Then there is the Dept. of Ed's TPD (Total and Permanent Disability) provision, equating to a loan forgiveness.  But as I have shared before - beware of this trap!  If you apply for a TPD and are granted a Total and Permanent Disability Discharge of your student loan, you will owe the TAX on the total amount "forgiven" as a "capital gain to the IRS.  Gee ... thanks Feds!

Having applied (2) times for the TPD and then learning I would be stuck paying taxes on nearly $130,000.00, I am sure glad they never approved my application, even though I was a recipient of Social Security Disability Payments from 2003 to 2010, and qualified under the rules of TPD!

"Study to Show Thyself Approved"!

After considering all of my options, (including ending my life), I discovered the Undue Hardship Clause.  So I did what any good college student learned to do in school, I researched and studied and applied myself to understanding just what was required to satisfy this so-called Undue Hardship rule that is part of the U.S. Bankruptcy Code. 

If you learned to do research like I did (and unless you partied every day and night) you have the skills required to discover if you qualify for a total tax-free discharge of your student loans.  I will warn you, this process is hard work, and very time consuming and yes at times overwhelming!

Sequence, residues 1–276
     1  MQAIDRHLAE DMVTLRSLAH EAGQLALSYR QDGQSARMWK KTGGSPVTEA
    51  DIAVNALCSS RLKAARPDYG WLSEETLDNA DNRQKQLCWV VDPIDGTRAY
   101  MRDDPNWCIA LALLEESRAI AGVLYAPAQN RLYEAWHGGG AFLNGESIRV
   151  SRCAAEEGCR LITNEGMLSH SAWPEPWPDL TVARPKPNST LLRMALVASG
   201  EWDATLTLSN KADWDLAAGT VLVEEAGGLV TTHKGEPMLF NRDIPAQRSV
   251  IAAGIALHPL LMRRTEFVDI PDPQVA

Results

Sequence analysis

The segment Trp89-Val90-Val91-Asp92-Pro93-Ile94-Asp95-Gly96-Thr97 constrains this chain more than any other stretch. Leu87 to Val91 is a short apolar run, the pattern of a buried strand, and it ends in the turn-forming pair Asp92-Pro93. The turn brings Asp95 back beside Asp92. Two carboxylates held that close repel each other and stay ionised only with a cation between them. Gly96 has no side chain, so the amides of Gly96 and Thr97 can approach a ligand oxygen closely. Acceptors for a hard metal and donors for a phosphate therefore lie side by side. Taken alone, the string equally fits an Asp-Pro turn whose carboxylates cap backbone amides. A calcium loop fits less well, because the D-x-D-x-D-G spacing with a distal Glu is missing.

It is going on nearly a year now since I began this battle.  In order to meet the criteria of the law, you will have to first file a Chapter in the U.S. Bankruptcy Court of your district.  If you are struggling financially, a bankruptcy may be your way to get a "fresh start", and if there are bills piling up while you are trying to pay off that student loan that is growing faster than weeds in the flower bed, then perhaps you should consider filing.  I recommend avoiding a Chapter 13, because most Chapter 13's still require you to restructure your finances and the loans are included in the restructuring, and thus are not automatically discharged or forgiven in a Chapter 13 Bankruptcy.